Liebers said because it’s a new virus, the population has less immunity to it. Couple this with its apparent ability to spread easily, plus a higher death rate than seasonal flu, and it becomes a potentially major public health threat. 

“Viral diseases, although they look the same under the electron microscope, can vary widely based on the human immune system and what we call the virulence factor,” he said.

“Often, when a virus is new to human populations, a so-called novel virus, we are a little less prepared immunologically to fight it off. So it tends to be more transmissible, and often the morbidity can be more severe.

“SARS was an example of that, and ended up causing about a 10 percent mortality,” he said. “Pandemic flu, the most recent example of which was H1N1 in 2009, a little harder to know exactly where that was. Right now, we’re still figuring out where the coronavirus sits. I would say the mortality is more like pandemic flu [1 to 3 percent].”

Seasonal flu, meanwhile, is much more widespread but might have a mortality rate of only 0.1 percent. 

“We know that influenza will cause death, a small number in children, a greater number in the elderly and the infirm. But this is sort of on top of that. It’s as transmissible and the mortality rate is higher. I think one of the reasons [COVID-19] has caused appropriate concern is, if you do the numbers there could be a lot of deaths unless we mitigate things.”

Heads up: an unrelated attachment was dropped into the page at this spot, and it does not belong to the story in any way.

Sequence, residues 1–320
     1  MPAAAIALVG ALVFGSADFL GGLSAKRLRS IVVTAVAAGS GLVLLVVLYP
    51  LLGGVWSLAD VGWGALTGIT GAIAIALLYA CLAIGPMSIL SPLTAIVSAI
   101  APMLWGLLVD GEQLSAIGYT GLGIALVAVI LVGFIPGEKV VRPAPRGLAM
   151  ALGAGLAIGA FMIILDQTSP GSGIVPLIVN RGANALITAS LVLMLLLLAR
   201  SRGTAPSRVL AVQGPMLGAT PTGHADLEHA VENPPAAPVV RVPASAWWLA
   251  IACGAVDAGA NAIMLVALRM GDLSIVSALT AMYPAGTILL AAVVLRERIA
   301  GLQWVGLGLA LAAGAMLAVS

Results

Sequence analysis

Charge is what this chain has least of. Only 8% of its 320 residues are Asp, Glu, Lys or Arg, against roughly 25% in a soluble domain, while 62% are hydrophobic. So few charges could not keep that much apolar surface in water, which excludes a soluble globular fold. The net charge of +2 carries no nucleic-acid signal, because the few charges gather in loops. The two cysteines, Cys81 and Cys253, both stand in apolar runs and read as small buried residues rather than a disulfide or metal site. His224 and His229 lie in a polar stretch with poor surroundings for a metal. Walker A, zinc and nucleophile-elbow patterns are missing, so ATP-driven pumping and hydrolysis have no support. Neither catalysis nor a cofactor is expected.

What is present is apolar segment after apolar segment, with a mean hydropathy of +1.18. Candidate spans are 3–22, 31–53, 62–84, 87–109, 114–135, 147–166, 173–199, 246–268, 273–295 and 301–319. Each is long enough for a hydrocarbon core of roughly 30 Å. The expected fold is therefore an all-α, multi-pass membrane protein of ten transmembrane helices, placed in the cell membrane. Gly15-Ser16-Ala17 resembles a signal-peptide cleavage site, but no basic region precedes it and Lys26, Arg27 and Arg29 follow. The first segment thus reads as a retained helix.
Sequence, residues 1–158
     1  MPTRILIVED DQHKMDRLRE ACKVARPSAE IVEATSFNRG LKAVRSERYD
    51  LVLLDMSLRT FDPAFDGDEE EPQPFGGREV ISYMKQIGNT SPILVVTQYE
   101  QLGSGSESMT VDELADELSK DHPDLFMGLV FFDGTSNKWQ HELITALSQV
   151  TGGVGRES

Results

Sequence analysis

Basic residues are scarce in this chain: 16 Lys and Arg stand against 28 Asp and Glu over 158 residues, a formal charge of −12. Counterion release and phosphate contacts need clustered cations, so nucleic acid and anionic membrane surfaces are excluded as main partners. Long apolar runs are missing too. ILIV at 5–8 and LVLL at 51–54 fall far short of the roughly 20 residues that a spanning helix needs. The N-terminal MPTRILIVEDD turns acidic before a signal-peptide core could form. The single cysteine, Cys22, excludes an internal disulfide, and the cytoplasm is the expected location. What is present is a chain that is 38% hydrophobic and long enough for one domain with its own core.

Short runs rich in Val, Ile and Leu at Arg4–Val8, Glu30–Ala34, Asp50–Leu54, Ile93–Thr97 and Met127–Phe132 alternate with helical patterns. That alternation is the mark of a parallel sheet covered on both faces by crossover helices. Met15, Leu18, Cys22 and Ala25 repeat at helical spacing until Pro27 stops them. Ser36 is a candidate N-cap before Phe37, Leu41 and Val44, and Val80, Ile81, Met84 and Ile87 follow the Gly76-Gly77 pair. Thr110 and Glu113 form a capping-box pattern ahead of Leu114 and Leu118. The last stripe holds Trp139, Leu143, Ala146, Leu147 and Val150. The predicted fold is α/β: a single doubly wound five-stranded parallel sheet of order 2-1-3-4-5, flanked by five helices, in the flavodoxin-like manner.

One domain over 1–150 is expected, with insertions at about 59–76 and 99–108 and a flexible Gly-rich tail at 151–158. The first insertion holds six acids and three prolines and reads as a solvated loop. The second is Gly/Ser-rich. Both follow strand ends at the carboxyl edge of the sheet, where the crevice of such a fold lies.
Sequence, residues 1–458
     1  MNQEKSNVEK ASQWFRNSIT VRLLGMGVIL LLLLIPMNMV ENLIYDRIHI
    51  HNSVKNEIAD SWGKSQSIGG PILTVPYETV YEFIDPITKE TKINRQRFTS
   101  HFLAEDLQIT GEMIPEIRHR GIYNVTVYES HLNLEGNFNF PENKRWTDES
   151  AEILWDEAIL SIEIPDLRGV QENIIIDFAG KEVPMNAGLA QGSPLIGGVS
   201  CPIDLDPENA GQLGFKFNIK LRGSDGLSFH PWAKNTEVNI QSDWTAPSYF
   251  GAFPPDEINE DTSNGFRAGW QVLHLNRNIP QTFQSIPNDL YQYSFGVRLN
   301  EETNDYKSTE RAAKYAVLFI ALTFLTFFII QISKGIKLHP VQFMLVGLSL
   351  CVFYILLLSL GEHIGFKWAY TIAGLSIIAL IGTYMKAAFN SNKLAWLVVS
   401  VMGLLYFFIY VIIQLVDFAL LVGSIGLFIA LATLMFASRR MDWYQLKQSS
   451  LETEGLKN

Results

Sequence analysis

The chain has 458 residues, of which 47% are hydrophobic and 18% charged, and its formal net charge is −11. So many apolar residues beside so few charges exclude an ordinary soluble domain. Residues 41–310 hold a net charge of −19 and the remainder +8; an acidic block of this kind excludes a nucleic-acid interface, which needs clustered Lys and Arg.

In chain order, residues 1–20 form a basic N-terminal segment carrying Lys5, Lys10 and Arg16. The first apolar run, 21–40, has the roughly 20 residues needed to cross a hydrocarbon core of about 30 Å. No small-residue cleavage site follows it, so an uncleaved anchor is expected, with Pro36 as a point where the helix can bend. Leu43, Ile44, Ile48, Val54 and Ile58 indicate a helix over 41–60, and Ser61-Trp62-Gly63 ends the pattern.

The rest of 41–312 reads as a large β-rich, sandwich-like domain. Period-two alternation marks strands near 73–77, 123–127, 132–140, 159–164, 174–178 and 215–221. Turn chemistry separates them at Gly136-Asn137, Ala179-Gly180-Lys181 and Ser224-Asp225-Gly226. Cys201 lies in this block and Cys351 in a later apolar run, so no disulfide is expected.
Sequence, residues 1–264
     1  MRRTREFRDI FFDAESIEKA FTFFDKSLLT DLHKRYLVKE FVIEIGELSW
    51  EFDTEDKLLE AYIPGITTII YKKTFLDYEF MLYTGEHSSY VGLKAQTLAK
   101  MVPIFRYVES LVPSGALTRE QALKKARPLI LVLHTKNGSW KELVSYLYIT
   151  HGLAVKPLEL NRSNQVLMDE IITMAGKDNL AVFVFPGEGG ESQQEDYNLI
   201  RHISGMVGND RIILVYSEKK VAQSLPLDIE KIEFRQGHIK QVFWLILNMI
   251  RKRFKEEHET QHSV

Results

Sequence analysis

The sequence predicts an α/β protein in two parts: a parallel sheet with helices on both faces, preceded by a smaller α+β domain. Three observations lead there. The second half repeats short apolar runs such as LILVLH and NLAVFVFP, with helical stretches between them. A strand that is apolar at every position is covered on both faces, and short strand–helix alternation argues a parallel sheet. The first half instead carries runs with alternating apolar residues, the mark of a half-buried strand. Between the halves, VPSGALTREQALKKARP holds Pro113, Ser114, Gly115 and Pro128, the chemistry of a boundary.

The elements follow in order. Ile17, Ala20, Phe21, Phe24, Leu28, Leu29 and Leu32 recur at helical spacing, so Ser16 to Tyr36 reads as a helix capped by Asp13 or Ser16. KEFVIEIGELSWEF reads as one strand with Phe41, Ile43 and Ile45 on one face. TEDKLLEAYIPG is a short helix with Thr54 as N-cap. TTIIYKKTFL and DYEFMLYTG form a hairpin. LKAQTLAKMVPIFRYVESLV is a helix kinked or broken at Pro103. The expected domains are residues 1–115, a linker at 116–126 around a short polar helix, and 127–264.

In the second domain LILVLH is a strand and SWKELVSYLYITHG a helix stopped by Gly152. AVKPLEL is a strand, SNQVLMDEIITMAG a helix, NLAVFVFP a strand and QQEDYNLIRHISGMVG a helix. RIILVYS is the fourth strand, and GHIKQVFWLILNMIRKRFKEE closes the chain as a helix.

Ellis Hospital hasn’t had a COVID-19 patient yet, but it is struggling with the impact nonetheless. A vendor unwittingly ill with the disease potentially exposed patients and staff there, sending a significant number of employees onto furlough and resulting in a number of elective surgeries being canceled Friday.


Liebers, McKenna and the other hospital officials who gathered Friday said the limited availability of lab testing has been the biggest bottleneck so far in the response to COVID-19. Testing has had to be limited to patients authorized by a doctor or health department.

With all the new laboratories coming on line next week that should ease considerably. 

But until it does, patients should not just show up and request a test. They won’t get one.

The hospitals also are taking steps to separate people arriving with the respiratory symptoms that can indicate COVID-19 — or the seasonal flu, or just the common cold. Even during a public health crisis, hospitals need to serve all the other health needs of the community, from emergency appendectomies to arrival of newborn babies. Each coughing person who walks in without protective measures risks infecting other patients and medical personnel.

Albany Med and Saratoga Hospital have set up tents to interview and test respiratory patients as they arrive, Ellis Hospital is using a drive-through arrangement to test patients in their cars, St. Peter’s Health Partners is directing patients to an isolated building outside Albany Memorial Hospital, St. Mary’s Healthcare in Amsterdam has repurposed a former urgent care office with negative pressure ventilation and a drive-through loop outside, Glens Falls Hospital has put a trailer outside its building.

Dr. Rich Falivena, chief medical officer of Saratoga Hospital, said the response outlined Friday by the local hospitals has been a triumph of health care by the community for the community.

“I have to reiterate the spectacular response from our workforce. It truly is neighbors taking care of neighbors, and it is not ‘Can I help you?’ but ‘How much can I help you?’ We’re very proud of that. Every single day just makes me more proud to work in a community hospital like Saratoga.”